This is not about any specific intermediary but about the concept, now we are at the point where there is the need for radcial change or transformation as incremental change is unlikely to yield the benefits required. I accept that one approach would indeed be to focus on “do-able” categories, but then are we missing an opportunity to do things differently and more innovatively, tackling some of the “sacred cows” out there. I totally agree that in all areas, bodies, entities the issues will be significant but we have an opportunity to really address many core challenges that have only ever been tinkered with over the past decade or so.
    I am suggesting that the time is right now for a more forward looking, controlled risk taking, highly agile procurement profession which doesn’t just take small steps but for once takes big strides forward.
    Yes that comes with huge challenges and equally large risks but we are at a cross roads in our society where we can reshape the future for our children and produce a fit for purpose public sector.

  7. Philip Green’s report shows that there is a huge amount of waste on external supplier spend in the UK public sector.We know this and we know there have been lots of attempts to reduce this waste.

    This is at a time when the Government is squeezing much of the needed £65bn of annual public sector savings through job losses. The problem with job losses is that the net saving to the UK economy is limited after the employee stops paying taxes and is paid unemployment benefit.

    We therefore need a new way to help the government to take out cost from external supplier spend. It is time for a new model.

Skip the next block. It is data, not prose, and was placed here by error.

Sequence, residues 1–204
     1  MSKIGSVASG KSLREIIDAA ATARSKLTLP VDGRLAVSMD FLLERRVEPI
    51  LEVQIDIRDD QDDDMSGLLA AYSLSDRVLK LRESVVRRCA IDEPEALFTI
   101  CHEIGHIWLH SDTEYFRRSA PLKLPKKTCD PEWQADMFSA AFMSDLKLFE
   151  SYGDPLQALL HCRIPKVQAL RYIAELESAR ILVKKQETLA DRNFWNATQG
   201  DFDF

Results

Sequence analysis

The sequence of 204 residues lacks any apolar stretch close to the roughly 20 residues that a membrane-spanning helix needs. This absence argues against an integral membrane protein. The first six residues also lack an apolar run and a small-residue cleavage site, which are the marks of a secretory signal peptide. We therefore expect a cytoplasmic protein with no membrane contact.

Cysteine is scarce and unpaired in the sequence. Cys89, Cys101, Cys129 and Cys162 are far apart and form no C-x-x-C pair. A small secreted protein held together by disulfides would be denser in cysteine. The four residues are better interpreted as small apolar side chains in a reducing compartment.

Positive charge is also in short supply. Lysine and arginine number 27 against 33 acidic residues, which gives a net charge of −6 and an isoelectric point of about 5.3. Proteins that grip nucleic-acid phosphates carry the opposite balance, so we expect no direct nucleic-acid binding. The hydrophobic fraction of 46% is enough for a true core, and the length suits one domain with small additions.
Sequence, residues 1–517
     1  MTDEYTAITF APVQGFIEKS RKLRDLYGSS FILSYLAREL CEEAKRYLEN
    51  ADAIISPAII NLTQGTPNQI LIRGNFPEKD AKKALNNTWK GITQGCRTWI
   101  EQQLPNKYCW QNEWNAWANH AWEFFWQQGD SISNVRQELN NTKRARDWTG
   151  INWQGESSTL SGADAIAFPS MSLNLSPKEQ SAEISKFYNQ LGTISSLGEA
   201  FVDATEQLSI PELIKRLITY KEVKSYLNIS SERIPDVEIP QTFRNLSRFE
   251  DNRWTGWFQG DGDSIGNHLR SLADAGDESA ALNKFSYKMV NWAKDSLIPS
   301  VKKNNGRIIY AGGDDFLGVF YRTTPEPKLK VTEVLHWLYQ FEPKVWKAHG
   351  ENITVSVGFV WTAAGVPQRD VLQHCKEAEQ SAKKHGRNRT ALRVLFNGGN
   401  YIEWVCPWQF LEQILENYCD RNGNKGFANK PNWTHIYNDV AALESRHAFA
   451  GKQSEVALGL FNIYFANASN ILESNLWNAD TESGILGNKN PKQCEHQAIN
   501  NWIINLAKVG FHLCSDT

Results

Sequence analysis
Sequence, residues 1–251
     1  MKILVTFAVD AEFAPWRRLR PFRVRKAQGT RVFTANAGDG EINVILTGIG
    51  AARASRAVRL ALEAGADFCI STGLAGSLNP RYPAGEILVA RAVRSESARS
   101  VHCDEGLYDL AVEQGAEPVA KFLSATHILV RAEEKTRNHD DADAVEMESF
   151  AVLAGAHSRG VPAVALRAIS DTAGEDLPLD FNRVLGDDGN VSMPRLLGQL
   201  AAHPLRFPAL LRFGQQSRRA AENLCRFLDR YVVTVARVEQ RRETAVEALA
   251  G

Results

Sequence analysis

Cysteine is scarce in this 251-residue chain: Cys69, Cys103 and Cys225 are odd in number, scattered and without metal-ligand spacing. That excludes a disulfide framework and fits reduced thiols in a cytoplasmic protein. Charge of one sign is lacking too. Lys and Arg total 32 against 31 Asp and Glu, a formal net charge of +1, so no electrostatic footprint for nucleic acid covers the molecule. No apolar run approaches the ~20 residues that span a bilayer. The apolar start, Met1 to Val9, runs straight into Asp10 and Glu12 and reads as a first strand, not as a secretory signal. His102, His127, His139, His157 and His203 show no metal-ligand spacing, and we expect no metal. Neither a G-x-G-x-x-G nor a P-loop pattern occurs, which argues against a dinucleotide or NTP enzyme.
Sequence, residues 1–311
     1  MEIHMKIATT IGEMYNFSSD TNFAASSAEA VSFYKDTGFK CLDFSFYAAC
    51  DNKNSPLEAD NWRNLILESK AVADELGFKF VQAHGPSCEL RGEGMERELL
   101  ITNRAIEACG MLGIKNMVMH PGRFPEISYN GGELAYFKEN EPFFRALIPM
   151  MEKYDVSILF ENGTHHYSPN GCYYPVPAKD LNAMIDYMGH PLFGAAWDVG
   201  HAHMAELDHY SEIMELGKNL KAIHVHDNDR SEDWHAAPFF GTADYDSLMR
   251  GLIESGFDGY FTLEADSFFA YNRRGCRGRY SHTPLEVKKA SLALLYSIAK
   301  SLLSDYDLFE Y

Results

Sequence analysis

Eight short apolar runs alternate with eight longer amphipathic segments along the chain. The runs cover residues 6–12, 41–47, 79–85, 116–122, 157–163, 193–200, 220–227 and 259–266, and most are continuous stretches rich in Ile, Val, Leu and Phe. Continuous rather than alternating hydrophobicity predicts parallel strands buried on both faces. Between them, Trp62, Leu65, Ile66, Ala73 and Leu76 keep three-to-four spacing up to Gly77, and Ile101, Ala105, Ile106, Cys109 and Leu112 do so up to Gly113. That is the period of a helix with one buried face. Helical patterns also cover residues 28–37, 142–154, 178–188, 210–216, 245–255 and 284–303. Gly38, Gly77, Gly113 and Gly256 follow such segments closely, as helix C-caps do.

We need to advance the concept of public sector procurement supported by world class private sector organisations, such as Capgemini. These companies have the outsourcing capability to run world class procurement services on behalf of public sector bodies in such a way that between them the outsourcer and the government can guarantee bottom line savings, and as a result can save public sector jobs.

    This is a change in paradigm for outsourcing; we are moving to a model where a service can be outsourced from the public sector to the private sector and as a result a significant proportion of public sector jobs can be saved, by channelling savings into external supplier spend not into employee job cuts.

  8. [...] wrote a rapid blog for Supply Management yesterday on the publication of the Green report; and that wasn’t the end of the [...]

  9. Good to see that Bob Booth has saving public sector jobs at heart and not just the desire to make greater profits for “world class” companies like his own, CapGemini. Perhaps he can share what experience he has that leads him to take at face value Philip Green’s assertion that there is a “huge amount of waste on external supplier spend in the UK public sector”. Perhaps he bases it on the clearly intensive and thorough research that led to Green’s report?

  10. [...] Coalition asked Philip Green in to produce a report on public sector procurement which contained no new findings and said nothing that other people hadn’t been saying for years. And, of course, it [...]

Leave a Reply

Notify me on comments